Dr. Tiffany Jumaily
Update on COVID-19
Updated March 10, 2021
COVID vaccines are becoming more widely available, and distribution should continue to accelerate with the recent FDA approval of the Johnson and Johnson vaccine. All the vaccines work very well at preventing severe illness - so when available, I recommend taking whichever is offered. For our breastfeeding moms: antibodies generated from the COVID vaccine have been shown to pass through the breastmilk to provide some protection for baby. It is safe and recommended to get vaccinated while breastfeeding. For pregnant moms, there is not much research, so I recommend discussing with your Obstetrician or Midwife to determine what is the best course of action.
New guidelines for vaccinated individuals was released from the CDC this week. Further details on each of these points can be found on the CDC website, linked above.
Fully vaccinated people can:
Visit with other fully vaccinated people indoors without wearing masks or physical distancing
Visit with unvaccinated people from a single household who are at low risk for severe COVID-19 disease indoors without wearing masks or physical distancing
Refrain from quarantine and testing following a known exposure if asymptomatic
The situation is changing daily, and so are the recommendations expressed by the CDC and health departments. The advice given below is current as of publication date. Please follow the CDC or LA department of public health for the most up to date guidelines.
What can we do to protect ourselves?
-Hand washing. Cleaning your hands with soap and water for at least 20 seconds is the best way to remove and deactivate viral particles from our hands. If soap and water are not available, a hand sanitizer containing at least 60% alcohol can be used.
-Wear a mask. Wearing a face mask is recommended for everyone over age 2 when in the community and around others. Face masks primarily reduce spread of droplets from ourselves onto others. COVID-19 is often spread when people are pre-symptomatic and do not know that they are getting sick. Face masks should be washed regularly. The CDC believes that the Coronavirus that causes COVID-19 might be spread through aerosolized particles. So, it's best to wear your mask when in doors even if you are not in close contact with others.
-Practice social distancing. Viruses spread via close contact. Avoid unnecessary air travel and take a rain check on large gatherings. We need to reconsider events and travel that might put ourselves (and others) at risk. When we do see others, try to meet outside. Studies are showing that contact outside poses much less risk for viral transmission than meeting indoors.
-Keep your immune system strong by eating antioxidant-rich foods, omega-3 fatty acids, avoiding excess sugar and processed carbohydrates and maintaining good sleep.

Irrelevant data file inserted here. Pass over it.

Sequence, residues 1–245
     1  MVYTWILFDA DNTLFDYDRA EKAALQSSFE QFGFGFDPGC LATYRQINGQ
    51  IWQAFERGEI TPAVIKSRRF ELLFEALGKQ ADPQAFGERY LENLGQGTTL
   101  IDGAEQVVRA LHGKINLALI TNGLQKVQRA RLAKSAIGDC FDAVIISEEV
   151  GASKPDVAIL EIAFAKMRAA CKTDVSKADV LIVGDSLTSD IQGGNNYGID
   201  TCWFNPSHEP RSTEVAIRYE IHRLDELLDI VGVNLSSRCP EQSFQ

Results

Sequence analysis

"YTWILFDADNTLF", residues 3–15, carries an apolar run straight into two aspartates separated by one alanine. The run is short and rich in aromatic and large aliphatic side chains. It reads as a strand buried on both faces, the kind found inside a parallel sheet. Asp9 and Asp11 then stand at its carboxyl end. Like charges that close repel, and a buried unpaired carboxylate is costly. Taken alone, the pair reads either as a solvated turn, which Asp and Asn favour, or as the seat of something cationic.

-Vitamin C. Additional Vitamin C can be helpful due to its strong anti-inflammatory and antioxidant effects. Recommended doses are 500 mg-3 grams daily.
-Vitamin D supplements and elderberry have been shown to help prevent and fight viral upper respiratory tract infections, however, these supplements might worsen the inflammatory cascade during acute infection. It is recommended to stop all vitamin D and elderberry supplements at the first sign of illness
-Be mindful of the media exposure and discussion of this virus at home around your children. Even toddlers and infants can pick up on underlying anxiety and we need to reassure them with confidence. Reassure your children that you will do your best to keep them healthy and safe.
We want our office to remain a safe place to bring your children. As such, we are limiting sick patients in the office. We have implemented the use of telemedicine for some sick visits. Please call the office to schedule your appointment, and we can conduct a visit virtually using a HIPPA-compliant platform.
Stay well and stay safe.
Meet Dr. Tiff
Dr. Tiffany Jumaily is a Board-Certified pediatrician and a fellow of the American Academy of Pediatrics. She earned her Bachelor's Degree in Biology at Boston University. She was accepted into Boston University School of Medicine through the prestigious Modular Medical Integrated Curriculum Program after only 2 years of undergraduate study. Dr. Tiff continued to excel in residency training at Brown University in Providence, Rhode Island, where she worked at both Hasbro Children's Hospital and Women and Infants’ Hospital.
Overall wellness is built from a strong foundation in several key areas. Dr. Jumaily works to identify and treat the root cause of symptoms as well as the presenting manifestations of disease. She combines evidence-based allopathic medicine with complementary and alternative therapies to allow her patients to thrive.
Dr. Jumaily has hospital privileges at Cedars-Sinai Medical Center.
Dr. Jumaily is so knowledgable and caring I would recommend her to everyone! She always follows up and takes the time to listen to all of our concerns. The office staff is great too!